Daequan Cook Becoming A Factor In OKC
On December 9, 2011, Oklahoma City Thunder guard Daequan Cook wrote the following message on Twitter:
It’s official tweeps. Re-Signed a 2yr ext. with the Thunder tonight. So back in business I am. Feels good to still be in the “Thunder Family.”
With that statement, all speculation regarding Cook’s future with the Thunder ended. The parties entered into a two-year deal that pays him $6.5 million.
“It feels good. It feels very good,” Cook told HOOPSWORLD. “Off last season, when I said I’d love to be here, the team really took it in (to consideration).
“Just me staying around here, working out, me showing how much I really want to be here,” he continued. “We got a deal done that we both agreed on.”
Oklahoma City had extended a $3.1 qualifying offer to Cook at the end of June making him a restricted free agent. The ensuing lockout meant both parties underwent a long waiting period; during that time, Cook elected to stay in town rather than return to his hometown of Dayton, Ohio or sign overseas. To the casual observer it appeared Cook stayed in town by design in an effort to make his desires known to Thunder general manager and executive vice president Sam Presti.
“No, it wasn’t by design,” Cook told us. “I was just here. There wasn’t a lot to do other than work out here. I just felt good here working out, so I just felt like it would be best to stay here…stay around and do that instead of trying to find some new guys back home to work out with.”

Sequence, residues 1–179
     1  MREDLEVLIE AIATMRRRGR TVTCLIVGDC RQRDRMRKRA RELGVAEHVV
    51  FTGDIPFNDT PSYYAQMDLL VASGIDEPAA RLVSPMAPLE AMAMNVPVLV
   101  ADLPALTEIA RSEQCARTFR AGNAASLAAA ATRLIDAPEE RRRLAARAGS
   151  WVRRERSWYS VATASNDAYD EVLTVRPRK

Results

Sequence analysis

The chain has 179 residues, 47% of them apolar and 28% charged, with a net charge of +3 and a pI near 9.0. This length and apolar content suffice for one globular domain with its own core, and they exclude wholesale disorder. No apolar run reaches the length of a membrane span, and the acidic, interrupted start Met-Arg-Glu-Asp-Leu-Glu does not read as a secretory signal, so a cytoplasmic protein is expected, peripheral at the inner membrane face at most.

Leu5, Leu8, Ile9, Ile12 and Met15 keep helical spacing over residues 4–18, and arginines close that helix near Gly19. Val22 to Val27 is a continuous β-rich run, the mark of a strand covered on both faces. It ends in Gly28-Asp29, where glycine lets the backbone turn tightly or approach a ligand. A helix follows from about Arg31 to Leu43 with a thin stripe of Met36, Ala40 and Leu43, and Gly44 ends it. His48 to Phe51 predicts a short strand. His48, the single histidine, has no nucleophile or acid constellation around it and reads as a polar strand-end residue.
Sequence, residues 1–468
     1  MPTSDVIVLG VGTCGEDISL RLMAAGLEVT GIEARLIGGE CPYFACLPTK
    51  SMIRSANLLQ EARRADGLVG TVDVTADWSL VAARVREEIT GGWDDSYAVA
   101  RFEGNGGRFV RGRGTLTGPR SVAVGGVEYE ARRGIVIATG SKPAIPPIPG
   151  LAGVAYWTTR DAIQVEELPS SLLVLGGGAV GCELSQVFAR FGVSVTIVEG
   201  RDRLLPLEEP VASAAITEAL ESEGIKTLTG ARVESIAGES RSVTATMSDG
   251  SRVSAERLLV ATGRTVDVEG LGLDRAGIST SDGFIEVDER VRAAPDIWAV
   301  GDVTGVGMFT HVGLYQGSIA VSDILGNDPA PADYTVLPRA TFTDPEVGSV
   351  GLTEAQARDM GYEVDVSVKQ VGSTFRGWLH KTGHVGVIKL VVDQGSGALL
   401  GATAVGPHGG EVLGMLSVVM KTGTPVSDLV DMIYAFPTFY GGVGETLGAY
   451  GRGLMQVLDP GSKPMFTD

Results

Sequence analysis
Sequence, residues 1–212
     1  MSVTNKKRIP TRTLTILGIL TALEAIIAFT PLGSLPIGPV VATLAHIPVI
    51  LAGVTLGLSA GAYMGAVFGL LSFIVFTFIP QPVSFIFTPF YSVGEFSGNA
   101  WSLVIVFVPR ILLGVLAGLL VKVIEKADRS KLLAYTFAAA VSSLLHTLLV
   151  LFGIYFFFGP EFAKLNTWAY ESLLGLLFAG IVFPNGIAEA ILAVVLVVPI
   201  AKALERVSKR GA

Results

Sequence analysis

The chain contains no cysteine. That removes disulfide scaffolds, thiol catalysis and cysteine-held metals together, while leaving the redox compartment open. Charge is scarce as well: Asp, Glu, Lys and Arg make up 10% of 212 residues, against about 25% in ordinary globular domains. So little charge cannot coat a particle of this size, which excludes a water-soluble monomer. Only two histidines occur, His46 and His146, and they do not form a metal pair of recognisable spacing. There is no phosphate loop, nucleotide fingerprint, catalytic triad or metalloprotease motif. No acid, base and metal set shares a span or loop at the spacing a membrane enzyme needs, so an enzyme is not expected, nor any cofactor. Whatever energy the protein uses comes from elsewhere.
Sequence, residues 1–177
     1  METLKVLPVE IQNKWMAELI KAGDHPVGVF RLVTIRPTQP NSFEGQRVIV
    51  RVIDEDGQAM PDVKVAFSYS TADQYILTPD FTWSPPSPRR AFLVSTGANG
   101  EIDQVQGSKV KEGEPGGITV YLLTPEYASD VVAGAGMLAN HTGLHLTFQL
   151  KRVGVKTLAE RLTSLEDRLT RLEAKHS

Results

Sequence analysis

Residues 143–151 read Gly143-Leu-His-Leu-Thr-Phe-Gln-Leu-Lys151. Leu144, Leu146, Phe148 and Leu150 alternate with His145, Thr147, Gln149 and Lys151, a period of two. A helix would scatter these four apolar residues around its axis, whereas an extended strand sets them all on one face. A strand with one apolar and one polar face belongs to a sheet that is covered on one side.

While Cook says he didn’t necessarily stay in town on purpose, i.e. to demonstrate how serious he was to re-sign, Presti’s press release seemed to suggest it did play a part:
We are excited that we were able to reach an agreement that will keep Daequan a part of our core group moving forward. Daequan’s commitment to his own development and willingness to accept a role within our team, makes him a valuable member of our organization. At twenty-four years old, we believe Daequan’s best basketball is ahead of him. His desire to remain a part of the Thunder organization and the Oklahoma City community is what ultimately allowed us to reach this agreement.
Cook was selected 21st in the 2007 NBA draft. He spent the first three years of his career with the Miami HEAT until he landed in Oklahoma City in June of 2010 via a trade (Thunder’s 32nd 2010 draft pick for Cook and an 18th 2010 pick).
The Thunder was in serious need of a three-point specialist, ranking 25th in both total three-pointers made and efficiency in the 2009-10 season. Further, they were dead last in three-pointers and 28th in efficiency in 2008-09. Cook, the three-point shootout winner in the 2009 All-Star games, was just the ticket.
During his first year with the Thunder, Cook, now 24, appeared in just 43 games; in fact, he didn’t play in 34 straight games early on in the season. He said it was a challenge to stay focused mentally until he got a chance to prove himself in Oklahoma City.
“It was very tough,” shared Cook. “Not playing and just watching, knowing I could help, but I wouldn’t let it affect my work habits and the things I was doing to get myself better. At the end of the day, I was still doing it for my team and not just myself, knowing that there would come a time; whether it was two minutes or a minute, I’d get my chance to show Coach (Scott Brooks) all this work I’ve been putting in.”
Cook said it didn’t take long to fit in with his new teammates following the trade. Soon he understood what it would take to get minutes.
“I kind of fit in with the team, even in practice. It was just about me having that mentality of me doing what I needed to do to put myself in the position of getting back out there on the floor, which was coming in early, getting up shots, going to prepare myself, doing the things that I’ve always had to do before a game and before practice. (I) put myself in a good position.”